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(Illustration by Mark Lazenby For The Globe and Mail/Illustration by Mark Lazenby For The Globe and Mail)
(Illustration by Mark Lazenby For The Globe and Mail/Illustration by Mark Lazenby For The Globe and Mail)

Life lessons from growing up in a funeral home Add to ...

I get weird looks when I tell people I grew up in a funeral home. Some look aghast. Others just look incredulous.

My parents acquired the funeral home in Deux-Montagnes, Que., from my grandparents when I was a toddler. It was all I knew. But as I grew up, I began to realize my life strayed pretty far from the standard definition of normal.

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For the first couple of years we lived right above the funeral parlour, which caused a few problems.

Imagine trying to explain to a two-year-old and a four-year-old that they must be very quiet and have no running or screaming lest they disturb the mourners downstairs? I certainly didn’t understand, but I always knew by the sound of my dad’s angry tread pounding up the stairs that I was in trouble.

I also couldn’t see why it was a poor idea to open the parlour door for Cindy, our ornery basset hound. Nothing says mourning like a howling pooch among the bereaved.

Sometimes funeral operations had be changed for the sake of childhood living. Philip, my older brother, almost walked in on an embalming in the basement when he was 4. Poor kid had no idea why his father slammed a door in his face.

After that, embalmings quietly moved off site, but my parents never bothered to change the name of the room. I can’t quite describe the look I’d get from adults when I told them I played in the embalming room. Shock and horror just don’t do it justice.

My mother would chide me for using the term, but never explained what it meant. I only clued in to the definition of embalming at around age 10. Then I finally understood why others thought I was weird.

People often ask me whether I knew what death meant at such a young age. As a toddler, you can’t understand death intellectually, but I can tell you that even at age 2, I could look at a dead person and tell that no one was home. I often found myself gazing at the deceased, mesmerized, wondering why the skin always seemed so orange. I guess we needed a better makeup person.

It may seem odd, but I have plenty of happy memories from the funeral home. I fondly recall our friendly embalmer, Roland, who used to give me spicy fish candies and teach me to draw houses when I came home from nursery school.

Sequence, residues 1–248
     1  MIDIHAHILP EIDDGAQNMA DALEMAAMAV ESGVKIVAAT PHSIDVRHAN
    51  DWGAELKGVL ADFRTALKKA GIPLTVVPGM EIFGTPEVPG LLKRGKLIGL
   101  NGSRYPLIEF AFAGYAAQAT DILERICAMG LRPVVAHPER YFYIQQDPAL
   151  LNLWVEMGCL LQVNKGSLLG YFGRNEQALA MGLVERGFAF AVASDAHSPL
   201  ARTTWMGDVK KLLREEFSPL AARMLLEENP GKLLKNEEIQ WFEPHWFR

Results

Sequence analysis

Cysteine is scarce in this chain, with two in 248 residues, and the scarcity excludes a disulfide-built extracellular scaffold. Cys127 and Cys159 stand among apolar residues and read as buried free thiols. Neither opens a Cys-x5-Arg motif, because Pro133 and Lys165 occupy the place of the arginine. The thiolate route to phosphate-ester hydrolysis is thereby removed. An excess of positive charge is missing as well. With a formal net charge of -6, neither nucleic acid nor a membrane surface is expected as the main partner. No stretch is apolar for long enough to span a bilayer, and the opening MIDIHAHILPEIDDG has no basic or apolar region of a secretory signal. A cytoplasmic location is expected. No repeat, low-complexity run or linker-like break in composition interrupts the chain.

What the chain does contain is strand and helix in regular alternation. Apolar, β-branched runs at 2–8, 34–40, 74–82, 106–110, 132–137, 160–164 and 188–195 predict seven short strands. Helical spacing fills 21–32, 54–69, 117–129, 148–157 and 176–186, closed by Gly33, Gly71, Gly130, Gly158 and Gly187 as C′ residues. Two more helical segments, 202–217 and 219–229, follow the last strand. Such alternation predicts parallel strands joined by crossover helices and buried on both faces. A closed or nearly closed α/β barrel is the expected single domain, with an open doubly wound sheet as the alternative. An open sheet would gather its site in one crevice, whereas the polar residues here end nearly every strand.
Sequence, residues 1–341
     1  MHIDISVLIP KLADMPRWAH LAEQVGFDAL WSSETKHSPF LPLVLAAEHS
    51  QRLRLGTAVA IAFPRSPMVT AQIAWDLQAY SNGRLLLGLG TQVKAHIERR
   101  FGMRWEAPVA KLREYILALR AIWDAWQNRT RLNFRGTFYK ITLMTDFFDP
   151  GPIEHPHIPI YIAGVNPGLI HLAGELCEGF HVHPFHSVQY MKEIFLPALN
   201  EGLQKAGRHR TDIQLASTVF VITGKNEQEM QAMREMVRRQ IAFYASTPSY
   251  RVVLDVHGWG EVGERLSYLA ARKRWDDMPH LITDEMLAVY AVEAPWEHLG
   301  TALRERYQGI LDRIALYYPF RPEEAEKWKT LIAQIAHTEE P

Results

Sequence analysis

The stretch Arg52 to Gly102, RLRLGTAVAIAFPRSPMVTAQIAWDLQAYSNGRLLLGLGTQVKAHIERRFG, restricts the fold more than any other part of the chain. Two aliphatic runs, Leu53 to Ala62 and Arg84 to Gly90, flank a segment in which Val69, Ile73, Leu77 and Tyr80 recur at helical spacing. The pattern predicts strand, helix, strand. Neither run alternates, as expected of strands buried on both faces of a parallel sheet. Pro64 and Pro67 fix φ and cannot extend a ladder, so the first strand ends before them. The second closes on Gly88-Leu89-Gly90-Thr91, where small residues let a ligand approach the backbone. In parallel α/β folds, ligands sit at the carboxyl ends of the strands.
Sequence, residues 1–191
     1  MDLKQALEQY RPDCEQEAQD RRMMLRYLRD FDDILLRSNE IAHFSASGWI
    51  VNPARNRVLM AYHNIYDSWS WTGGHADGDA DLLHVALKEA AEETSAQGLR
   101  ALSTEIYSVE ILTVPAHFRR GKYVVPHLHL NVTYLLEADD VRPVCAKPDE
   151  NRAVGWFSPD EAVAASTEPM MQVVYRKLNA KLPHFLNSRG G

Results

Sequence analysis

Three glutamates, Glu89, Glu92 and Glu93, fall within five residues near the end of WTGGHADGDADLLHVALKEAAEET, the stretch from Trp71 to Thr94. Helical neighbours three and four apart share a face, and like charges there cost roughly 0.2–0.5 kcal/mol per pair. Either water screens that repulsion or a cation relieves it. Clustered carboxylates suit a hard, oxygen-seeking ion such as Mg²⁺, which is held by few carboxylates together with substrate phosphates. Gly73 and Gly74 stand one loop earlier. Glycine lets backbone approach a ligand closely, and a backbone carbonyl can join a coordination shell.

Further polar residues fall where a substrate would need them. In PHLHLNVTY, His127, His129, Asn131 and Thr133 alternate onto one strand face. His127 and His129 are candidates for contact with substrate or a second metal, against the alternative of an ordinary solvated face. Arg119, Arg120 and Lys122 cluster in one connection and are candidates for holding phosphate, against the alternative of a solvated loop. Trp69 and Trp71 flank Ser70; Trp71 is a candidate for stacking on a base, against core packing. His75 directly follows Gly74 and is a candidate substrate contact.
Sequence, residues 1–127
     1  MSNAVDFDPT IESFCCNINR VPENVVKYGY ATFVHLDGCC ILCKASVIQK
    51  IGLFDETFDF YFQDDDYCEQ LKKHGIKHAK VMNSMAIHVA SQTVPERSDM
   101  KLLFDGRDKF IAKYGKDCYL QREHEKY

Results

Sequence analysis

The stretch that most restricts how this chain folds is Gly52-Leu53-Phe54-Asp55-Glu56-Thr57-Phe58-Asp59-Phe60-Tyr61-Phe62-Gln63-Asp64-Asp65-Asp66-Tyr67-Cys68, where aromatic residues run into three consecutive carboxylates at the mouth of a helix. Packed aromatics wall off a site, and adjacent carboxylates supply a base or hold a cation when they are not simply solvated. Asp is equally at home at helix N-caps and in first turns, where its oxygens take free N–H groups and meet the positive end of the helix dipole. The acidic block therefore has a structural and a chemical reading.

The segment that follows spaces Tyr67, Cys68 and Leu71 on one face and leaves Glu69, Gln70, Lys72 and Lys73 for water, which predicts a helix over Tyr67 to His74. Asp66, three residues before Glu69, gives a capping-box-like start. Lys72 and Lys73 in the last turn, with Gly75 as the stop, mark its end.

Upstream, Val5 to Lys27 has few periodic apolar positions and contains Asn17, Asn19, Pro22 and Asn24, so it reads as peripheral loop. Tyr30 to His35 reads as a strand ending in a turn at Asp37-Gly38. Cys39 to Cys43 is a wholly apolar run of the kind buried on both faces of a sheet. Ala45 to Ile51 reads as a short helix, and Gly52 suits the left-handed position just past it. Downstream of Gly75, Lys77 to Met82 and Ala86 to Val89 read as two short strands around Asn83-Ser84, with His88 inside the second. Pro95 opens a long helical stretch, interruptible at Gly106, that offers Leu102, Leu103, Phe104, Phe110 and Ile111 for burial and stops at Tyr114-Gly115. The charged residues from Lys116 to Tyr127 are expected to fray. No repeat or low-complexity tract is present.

And I did benefit from some unique lessons while we lived above the parlour. I learned there was no point putting out any Halloween candy because there wasn’t a single soul brave enough to visit our house. I’m not sure who was more frightened of us, the parents or the kids.

I learned that no one will stay in a funeral home when the power goes out.

Hydro Quebec had a lot of problems back then, so the power might go out if someone sneezed hard enough down the street. My dad had a generator and could have full power back on within 10 minutes, but no one would stick around. Even the widow would make a beeline for the door.

I also learned it’s not a great idea to host a 10th birthday party sleepover on funeral parlour premises. The business was at least closed by this point; the only remnant of death left behind was a locked room full of caskets. Of course, that room gave out a siren call for a group of curious girls, who kept trying to pry the doors open.

In the middle of the night, the door to our sleeping room mysteriously opened all by itself, which left my parents dealing with a horde of hysterical children. We probably scarred them for life. In hindsight, the sleepover was a bad idea, but my parents were just trying to fulfill the normal wishes of a little girl.

I also learned how to keep cool in a sticky situation.

At funeral homes, caskets are transported using gurneys and stay supported from underneath throughout the proceedings. The only time they are lifted is once services are over and the pallbearers lead the mourners out of the funeral home.

Because of this, you wouldn’t know until the procession that your expensive casket suffered from a manufacturing defect that left its screws improperly aligned.

This is a terrible time to have the bottom fall out of the casket and the deceased dumped unceremoniously onto your front steps.

At least it only happened once.

The only thing that prevented a complete mourner meltdown was a quick-thinking nun who slammed the parlour doors in everyone’s faces before they could get out and gawk.

For years after we closed the business, I didn’t tell people about the funeral home. I wasn’t embarrassed; it just never occurred to me that others would find my childhood fascinating.

I’ve slowly come to appreciate the effort my parents made to keep life as normal as possible for us. I’ve also learned that funeral homes provide great fodder for speeches and party stories.

The funeral business was popularized by Hollywood a few years ago in TV shows like Six Feet Under. Sometimes people ask me whether I’m a fan of these shows. I’ve actually never watched them. Their fantasy just can’t compare to my reality.



Susan Portelance lives in Winnipeg

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